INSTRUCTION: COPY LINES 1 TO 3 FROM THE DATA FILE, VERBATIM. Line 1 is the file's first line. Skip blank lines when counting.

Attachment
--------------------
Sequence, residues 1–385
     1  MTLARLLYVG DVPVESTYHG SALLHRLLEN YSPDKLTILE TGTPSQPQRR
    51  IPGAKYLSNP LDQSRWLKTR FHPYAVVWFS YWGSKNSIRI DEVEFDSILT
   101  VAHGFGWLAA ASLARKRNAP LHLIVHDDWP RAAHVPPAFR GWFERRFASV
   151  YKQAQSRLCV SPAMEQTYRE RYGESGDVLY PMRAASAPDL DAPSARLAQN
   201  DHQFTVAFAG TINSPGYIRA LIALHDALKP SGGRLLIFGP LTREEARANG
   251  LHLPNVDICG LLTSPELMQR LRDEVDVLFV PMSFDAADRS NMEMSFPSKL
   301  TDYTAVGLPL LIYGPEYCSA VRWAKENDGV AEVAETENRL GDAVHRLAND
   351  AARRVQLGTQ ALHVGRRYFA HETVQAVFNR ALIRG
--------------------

Sequence, residues 1–385
     1  MTLARLLYVG DVPVESTYHG SALLHRLLEN YSPDKLTILE TGTPSQPQRR
    51  IPGAKYLSNP LDQSRWLKTR FHPYAVVWFS YWGSKNSIRI DEVEFDSILT